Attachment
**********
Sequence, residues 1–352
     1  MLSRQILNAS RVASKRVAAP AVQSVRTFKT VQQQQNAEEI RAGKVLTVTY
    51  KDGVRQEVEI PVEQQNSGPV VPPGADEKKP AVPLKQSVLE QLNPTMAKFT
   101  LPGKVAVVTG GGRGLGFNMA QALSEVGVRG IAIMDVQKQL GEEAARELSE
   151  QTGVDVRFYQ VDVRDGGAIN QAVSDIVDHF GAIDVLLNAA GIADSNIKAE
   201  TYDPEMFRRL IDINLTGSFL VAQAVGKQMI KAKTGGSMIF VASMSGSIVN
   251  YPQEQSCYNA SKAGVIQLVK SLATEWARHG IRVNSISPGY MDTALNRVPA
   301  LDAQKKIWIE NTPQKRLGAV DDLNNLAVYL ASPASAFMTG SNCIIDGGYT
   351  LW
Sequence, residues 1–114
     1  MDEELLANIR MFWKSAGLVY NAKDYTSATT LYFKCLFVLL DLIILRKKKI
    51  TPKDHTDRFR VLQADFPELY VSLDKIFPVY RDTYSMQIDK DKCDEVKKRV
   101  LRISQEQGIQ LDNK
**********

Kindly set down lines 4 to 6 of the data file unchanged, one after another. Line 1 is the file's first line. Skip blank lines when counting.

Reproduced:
   101  LPGKVAVVTG GGRGLGFNMA QALSEVGVRG IAIMDVQKQL GEEAARELSE
   151  QTGVDVRFYQ VDVRDGGAIN QAVSDIVDHF GAIDVLLNAA GIADSNIKAE
   201  TYDPEMFRRL IDINLTGSFL VAQAVGKQMI KAKTGGSMIF VASMSGSIVN